“The youngest megachurch pastor in history.” While I would dispute that claim, it was nonetheless the label given to me when I went to pastor a large, thriving church in the Deep South. But I found myself becoming uneasy.
For one thing, my model in ministry is a guy who spent the majority of His ministry time with 12 men. A guy who, when He left this earth, had only about 120 people who were actually sticking around and doing what He told them to do. More like a minichurch, really. Jesus Christ—the youngest minichurch pastor in history.
Soon I realized I was on a collision course with an American church culture where success is defined by bigger crowds, bigger budgets and bigger buildings. I was now confronted with a startling reality: Jesus actually spurned the things that my church culture said were most important.
I am convinced that we as Christ-followers in American churches have embraced values and ideas that are not only unbiblical but that actually contradict the gospel we claim to believe. And I am convinced we have a choice.
You and I can choose to continue with business as usual in the Christian life and in the church as a whole, enjoying success based on the standards defined by the culture around us. Or we can take an honest look at the Jesus of the Bible and dare to ask what the consequences might be if we really believed Him and really obeyed Him.
Dietrich Bonhoeffer, a German theologian struggling to follow Christ in the midst of Nazi rule, penned one of the great Christian books of the 20th century. In it he wrote that the first call every Christian experiences is “the call to abandon the attachments of this world.” The theme of the book is summarized in one potent sentence: “When Christ calls a man, He bids him come and die.” Bonhoeffer aptly titled his book The Cost of Discipleship.
Based on what we have heard from Jesus in the Gospels, we would have to agree that the cost of discipleship is great. But I wonder if the cost of nondiscipleship is even greater.
The price is certainly high for people who don’t know Christ and who live in a world where Christians shrink back from self-denying faith and settle into self-indulging faith. While Christians choose to spend their lives fulfilling the American dream instead of giving their lives to proclaiming the kingdom of God, literally billions in need of the gospel remain in the dark.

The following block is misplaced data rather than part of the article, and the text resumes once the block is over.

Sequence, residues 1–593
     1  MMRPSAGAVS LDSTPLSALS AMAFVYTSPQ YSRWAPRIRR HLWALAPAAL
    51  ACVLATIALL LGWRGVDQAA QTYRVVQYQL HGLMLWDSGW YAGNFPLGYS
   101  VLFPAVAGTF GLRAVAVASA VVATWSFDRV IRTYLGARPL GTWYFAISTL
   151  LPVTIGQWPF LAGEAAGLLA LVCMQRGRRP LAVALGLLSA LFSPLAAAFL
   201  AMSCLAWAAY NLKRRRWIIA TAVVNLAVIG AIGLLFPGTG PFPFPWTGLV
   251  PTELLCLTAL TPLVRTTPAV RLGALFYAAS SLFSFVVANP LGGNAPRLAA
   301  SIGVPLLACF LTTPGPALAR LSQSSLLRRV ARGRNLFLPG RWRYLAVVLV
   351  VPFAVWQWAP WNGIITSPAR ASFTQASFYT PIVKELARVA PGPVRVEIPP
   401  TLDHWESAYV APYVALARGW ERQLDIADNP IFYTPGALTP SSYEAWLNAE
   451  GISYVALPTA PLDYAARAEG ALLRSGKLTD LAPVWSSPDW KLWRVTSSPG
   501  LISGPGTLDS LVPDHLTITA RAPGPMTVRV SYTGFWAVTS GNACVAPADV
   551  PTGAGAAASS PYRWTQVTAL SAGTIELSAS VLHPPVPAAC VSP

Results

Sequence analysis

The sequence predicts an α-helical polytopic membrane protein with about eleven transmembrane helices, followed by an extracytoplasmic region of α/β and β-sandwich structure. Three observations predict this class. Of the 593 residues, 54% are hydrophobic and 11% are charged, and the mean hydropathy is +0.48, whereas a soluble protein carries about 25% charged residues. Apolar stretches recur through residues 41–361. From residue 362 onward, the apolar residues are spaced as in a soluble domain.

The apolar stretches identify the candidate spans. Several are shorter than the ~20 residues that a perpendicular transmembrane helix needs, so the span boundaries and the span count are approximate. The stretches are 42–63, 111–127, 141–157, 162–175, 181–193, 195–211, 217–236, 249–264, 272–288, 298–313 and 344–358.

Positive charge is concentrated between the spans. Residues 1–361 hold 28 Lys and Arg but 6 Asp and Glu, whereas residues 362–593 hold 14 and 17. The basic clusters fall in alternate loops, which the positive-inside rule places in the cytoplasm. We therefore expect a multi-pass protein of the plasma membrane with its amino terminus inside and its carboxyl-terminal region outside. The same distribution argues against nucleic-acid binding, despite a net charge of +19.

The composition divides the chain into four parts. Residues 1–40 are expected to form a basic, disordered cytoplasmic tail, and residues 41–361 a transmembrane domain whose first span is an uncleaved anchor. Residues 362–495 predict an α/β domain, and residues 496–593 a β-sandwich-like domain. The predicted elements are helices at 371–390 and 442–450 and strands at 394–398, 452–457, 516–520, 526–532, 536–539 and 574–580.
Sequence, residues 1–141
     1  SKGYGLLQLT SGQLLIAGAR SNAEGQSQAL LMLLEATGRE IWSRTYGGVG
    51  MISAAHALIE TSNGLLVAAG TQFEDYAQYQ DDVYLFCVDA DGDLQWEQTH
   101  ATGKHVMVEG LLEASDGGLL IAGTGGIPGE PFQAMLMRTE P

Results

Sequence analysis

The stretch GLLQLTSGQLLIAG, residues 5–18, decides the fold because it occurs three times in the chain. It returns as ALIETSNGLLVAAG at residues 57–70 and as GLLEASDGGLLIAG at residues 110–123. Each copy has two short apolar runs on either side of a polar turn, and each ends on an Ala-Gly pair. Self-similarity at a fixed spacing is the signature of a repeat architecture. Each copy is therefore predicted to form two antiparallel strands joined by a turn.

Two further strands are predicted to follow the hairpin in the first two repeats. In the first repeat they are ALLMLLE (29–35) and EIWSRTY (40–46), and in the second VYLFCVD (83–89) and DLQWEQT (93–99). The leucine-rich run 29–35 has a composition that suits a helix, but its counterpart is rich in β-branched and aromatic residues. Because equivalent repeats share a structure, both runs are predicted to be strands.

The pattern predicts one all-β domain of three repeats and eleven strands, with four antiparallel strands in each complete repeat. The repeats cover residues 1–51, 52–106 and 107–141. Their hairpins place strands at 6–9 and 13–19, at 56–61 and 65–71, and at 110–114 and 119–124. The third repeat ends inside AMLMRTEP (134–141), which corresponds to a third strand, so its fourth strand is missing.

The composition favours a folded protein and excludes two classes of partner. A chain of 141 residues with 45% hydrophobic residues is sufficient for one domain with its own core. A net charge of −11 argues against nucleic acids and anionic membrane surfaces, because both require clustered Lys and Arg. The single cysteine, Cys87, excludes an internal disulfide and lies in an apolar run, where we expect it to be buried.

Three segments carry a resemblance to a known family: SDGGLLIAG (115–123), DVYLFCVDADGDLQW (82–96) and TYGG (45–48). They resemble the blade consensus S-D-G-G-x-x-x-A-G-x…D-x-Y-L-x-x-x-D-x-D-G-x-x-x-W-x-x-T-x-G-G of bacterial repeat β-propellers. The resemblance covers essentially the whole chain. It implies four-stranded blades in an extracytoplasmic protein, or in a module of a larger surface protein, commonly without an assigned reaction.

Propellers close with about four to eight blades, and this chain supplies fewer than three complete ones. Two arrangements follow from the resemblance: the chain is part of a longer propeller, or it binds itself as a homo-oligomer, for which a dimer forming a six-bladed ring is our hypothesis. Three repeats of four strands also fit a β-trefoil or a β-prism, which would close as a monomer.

Just a few months before becoming a pastor, I stood atop a mountain in the heart of Hyderabad, India. This high point in the city housed a temple for Hindu gods. Every direction I turned, I glimpsed an urban center filled with millions upon millions of people.
And then it hit me. The overwhelming majority of these people had never even heard the gospel. They offer religious sacrifices day in and day out because no one has told them that, in Christ, the final sacrifice has already been offered on their behalf. As a result they live without Christ, and if nothing changes, they will die without Him as well.
As I stood on that mountain, God gripped my heart and flooded my mind with two resounding words: “Wake up.” Wake up and realize that there are infinitely more important things in your life than football and a 401(k). Wake up and realize there are real battles to be fought, so different from the superficial, meaningless “battles” you focus on. Wake up to the countless multitudes who are currently destined for a Christless eternity.
The price of our nondiscipleship is high for those without Christ. It is high also for the poor of this world. Consider the cost when Christians gather in churches and choose to spend millions of dollars on nice buildings to drive up to, cushioned chairs to sit in, and endless programs to enjoy for themselves.
I remember when I was preparing to take my first trip to Sudan in 2004. The country was still at war, and the Darfur region in western Sudan had just begun to make headlines. A couple of months before we left, I received a Christian news publication in the mail. The front cover had two headlines side by side.
On the left, one headline read, “First Baptist Church Celebrates New $23 Million Building.” A lengthy article followed, celebrating the church’s expensive new sanctuary. The exquisite marble, intricate design and beautiful stained glass were all described in vivid detail.
On the right was a much smaller article. The headline for it read, “Baptist Relief Helps Sudanese Refugees.” Knowing I was about to go to Sudan, my attention was drawn. The article described how 350,000 refugees in western Sudan were dying of malnutrition and might not live to the end of the year. It briefly explained their plight and sufferings.
Now, remember the headline on the left: “First Baptist Church Celebrates New $23 Million Building.” On the right, the article said, “Baptists have raised $5,000 to send to refugees in western Sudan.”
Five thousand dollars. That is not enough to get a plane into Sudan, much less one drop of water to people who need it. Twenty-three million dollars for an elaborate sanctuary, and $5,000 for hundreds of thousands of starving men, women and children, most of whom were dying apart from faith in Christ.
Where have we gone wrong? How did we get to the place where this is actually tolerable? Indeed, the cost of nondiscipleship is great. The cost of believers not taking Jesus seriously is vast for those who don’t know Christ and devastating for those who are starving and suffering around the world. But the cost of nondiscipleship is not paid solely by them. It is paid by us as well.
Adapted from Radical: Taking Back Your Faith From the American Dream by David Platt, copyright © 2010 by David Platt. Used by permission of Multnomah Books, a division of Random House, Inc. All rights reserved. No part of this excerpt may be reproduced or reprinted in any form.